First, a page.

There is one crucial detail that distinguishes William Moeller from other tech entrepreneurs in Hamilton.
While many local firms focus on creating applications for the web or for mobile devices, his company, Classic Game Publishers Inc., takes a much more old-school approach. The outfit, which Moeller founded last year, puts out new, original titles for the Intellivision, a gaming console that came out in 1979 and was discontinued in the mid-'80s.
"My dad gave us the Intellivision in 1980 and I thought it was an awesome system, totally amazing," Moeller said. "It was sort of the first machine that I loved playing, so I never got rid of one."
What is Intellivision?
Developed by Mattel Electronics, Intellivision is a video game system that came out in 1979. At the time, its graphics were considered superior to its competitors.
However, the video game world changes quickly and the next year, Atari released the 2600 which dominated the market during the early-1980s, selling in excess of 25 million units.
The original Intellivision console was discontinued in 1984, less than two years before another gaming giant, the Nintendo Entertainment System, entered the market.
(In fact, he estimated he has 20 of the consoles lying around his east Hamilton home.)
But Moeller's love of the vintage gaming system didn't turn into a career pursuit until two years ago, when he returned to Hamilton from teaching English in Japan, only to find slim job prospects at home.
"Rather than sit there and whine — or as my friends suggested, take a McJob — I decided to try my own business," the 49-year-old recalled.
He did the math, reasoning that there must be enough people like him — fans of old-fashioned video games — for Moeller to eke out a living developing new titles.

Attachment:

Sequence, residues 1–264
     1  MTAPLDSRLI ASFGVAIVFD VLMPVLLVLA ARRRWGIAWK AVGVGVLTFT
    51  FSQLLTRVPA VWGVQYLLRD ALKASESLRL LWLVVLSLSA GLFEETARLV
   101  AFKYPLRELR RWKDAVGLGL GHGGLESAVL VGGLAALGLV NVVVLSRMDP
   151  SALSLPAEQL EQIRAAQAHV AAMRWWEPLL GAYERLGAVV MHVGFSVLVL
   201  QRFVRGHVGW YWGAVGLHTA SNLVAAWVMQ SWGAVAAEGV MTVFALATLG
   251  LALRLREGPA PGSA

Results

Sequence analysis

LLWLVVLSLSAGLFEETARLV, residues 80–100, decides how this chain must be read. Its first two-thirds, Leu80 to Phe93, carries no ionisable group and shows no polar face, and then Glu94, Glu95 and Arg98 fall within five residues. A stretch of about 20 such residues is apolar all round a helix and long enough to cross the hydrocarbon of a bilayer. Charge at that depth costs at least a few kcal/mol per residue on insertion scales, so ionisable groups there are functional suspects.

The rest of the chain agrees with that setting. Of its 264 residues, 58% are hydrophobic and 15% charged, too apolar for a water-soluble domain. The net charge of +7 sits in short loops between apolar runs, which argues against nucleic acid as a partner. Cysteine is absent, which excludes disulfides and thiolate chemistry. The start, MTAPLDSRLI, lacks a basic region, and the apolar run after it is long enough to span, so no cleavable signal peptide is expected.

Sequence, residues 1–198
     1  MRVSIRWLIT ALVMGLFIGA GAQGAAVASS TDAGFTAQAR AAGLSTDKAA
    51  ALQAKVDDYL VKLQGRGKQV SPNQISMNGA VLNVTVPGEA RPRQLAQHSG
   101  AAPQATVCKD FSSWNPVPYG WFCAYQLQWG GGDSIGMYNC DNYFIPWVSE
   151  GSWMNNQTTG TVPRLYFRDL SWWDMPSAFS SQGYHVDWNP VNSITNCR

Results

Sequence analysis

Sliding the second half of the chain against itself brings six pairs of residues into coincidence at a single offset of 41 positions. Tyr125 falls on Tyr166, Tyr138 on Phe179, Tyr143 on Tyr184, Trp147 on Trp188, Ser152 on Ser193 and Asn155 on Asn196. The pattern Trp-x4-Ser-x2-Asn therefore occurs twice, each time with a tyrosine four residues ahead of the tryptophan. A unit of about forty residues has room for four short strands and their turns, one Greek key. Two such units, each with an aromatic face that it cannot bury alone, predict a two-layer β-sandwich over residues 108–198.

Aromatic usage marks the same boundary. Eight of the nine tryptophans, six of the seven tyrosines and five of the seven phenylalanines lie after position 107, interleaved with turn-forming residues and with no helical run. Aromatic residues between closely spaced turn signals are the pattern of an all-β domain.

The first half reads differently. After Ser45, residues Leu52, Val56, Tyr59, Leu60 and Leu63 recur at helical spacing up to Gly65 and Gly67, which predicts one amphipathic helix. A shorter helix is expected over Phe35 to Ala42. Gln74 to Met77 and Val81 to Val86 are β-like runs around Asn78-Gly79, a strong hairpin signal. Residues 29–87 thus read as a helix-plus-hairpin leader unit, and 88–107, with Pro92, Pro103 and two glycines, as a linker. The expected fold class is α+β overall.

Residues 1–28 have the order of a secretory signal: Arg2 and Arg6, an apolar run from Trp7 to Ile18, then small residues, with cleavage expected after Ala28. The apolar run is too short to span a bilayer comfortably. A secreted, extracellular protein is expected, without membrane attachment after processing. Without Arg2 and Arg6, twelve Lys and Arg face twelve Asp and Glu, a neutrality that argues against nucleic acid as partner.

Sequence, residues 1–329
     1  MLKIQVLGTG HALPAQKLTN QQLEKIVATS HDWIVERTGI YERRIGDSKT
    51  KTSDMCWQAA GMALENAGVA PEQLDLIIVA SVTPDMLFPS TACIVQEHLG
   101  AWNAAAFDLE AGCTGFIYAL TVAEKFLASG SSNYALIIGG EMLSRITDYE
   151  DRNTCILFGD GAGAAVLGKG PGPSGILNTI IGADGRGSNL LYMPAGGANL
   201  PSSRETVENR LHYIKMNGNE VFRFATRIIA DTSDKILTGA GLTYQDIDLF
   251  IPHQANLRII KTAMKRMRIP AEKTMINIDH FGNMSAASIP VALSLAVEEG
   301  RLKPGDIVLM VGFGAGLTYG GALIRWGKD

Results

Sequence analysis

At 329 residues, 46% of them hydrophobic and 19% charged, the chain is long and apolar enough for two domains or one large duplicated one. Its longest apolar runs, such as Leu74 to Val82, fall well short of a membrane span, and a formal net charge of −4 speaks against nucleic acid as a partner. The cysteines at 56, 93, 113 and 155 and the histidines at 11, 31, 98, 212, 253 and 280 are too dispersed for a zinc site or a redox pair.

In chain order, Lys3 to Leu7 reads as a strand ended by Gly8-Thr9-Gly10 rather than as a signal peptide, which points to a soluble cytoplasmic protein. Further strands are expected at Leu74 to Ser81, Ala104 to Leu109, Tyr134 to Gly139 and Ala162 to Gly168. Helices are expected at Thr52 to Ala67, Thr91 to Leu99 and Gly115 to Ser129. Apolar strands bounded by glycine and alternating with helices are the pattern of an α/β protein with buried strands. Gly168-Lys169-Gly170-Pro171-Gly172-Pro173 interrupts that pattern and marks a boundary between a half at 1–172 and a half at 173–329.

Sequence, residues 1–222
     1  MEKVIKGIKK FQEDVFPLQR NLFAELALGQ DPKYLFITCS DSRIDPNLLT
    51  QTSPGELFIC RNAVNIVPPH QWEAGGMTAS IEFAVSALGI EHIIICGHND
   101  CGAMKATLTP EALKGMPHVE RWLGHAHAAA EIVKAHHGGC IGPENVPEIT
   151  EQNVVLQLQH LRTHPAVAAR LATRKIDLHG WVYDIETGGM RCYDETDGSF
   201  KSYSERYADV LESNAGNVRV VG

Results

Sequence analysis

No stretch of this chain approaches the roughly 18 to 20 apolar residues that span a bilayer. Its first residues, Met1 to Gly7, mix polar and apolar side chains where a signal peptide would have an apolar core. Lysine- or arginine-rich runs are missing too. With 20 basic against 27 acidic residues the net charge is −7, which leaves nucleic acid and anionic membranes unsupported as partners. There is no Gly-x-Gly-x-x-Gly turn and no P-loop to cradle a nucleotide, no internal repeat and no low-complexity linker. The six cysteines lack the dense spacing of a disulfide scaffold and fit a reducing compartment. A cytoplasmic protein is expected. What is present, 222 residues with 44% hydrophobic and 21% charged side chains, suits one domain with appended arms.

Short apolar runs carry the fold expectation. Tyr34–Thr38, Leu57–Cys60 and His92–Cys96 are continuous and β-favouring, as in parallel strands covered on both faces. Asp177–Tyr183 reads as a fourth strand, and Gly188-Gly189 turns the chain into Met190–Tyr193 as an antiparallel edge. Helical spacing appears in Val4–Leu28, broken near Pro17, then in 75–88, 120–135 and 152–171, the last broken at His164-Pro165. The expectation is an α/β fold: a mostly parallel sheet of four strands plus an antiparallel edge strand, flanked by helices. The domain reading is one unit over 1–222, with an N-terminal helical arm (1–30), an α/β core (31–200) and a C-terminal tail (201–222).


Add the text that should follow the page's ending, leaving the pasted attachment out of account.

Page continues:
"There were 3 million of these units sold. And I've got to believe that there are at least 30,000 of them still out there. And of that, one per cent is going to want to buy a new game for it."
So Moeller teamed up with fellow Intellivision aficionados he'd met online and struck an arrangement. His programmers, who live in the U.S., Canada and Japan, would design the games on the freelance basis, and he would manage the rest.
"I get the ideas, but I have never sat down to make my own game. But I'd like to one day."
Vintage games, modern packaging
Classic Game Publishers currently has two titles for sale, D2K Arcade and Minehunter, which sell online for about $65 each, and five more in the pipeline.
The first pays homage to characters from some of the most successful early video game franchises — including an overall-clad, mustachioed zookeeper who bears a striking resemblance to Nintendo's Super Mario. The second is a puzzle game akin to Minesweeper, an application that, once upon a time, was preinstalled to almost every consumer PC.
Though they were crafted in the 21st Century, the games bear a purely retro aesthetic. The characters and objects move fluidly across the screen, but they are blocky and pixelated. The graphics are more visually crude than those on the original Nintendo Entertainment System, which was released in 1985.
The soundtrack, filled with blips, bloops and crackling, captures the era before recorded music could be programmed into video games.
However, the packaging, though cartoonish, looks sleek and modern.
This is deliberate. Moeller hires a local graphic designer to fashion art for the covers. And each copy comes with a colour manual and a flexible, translucent plastic overlay to slot into the controller. The overall goal, he said, is to create a collector's item that will impress the even most discerning Intellivision fans.
"We feel that presentation is awful important. I've had people say, 'Oh, my manual has a crease in it. Can you send me a new one?' So I have to be very careful that I make the product, you know, perfect."
Despite his attention to detail, Moeller isn't making a mint just yet.
"My accountant says I'm doing really well for a first-year company. He said 'You're doing fine for a new venture.' However, I need it to start paying the bills a little quicker. That's the point. And I think the break-even point is about 500 customers."
And he is steadfast in his commitment to achieving his goal, even if it makes him the butt of a few jokes.
"Some of my friends think I'm insane, that I should go get a minimum-wage job," he said. "But I feel that this has the potential to be so much more."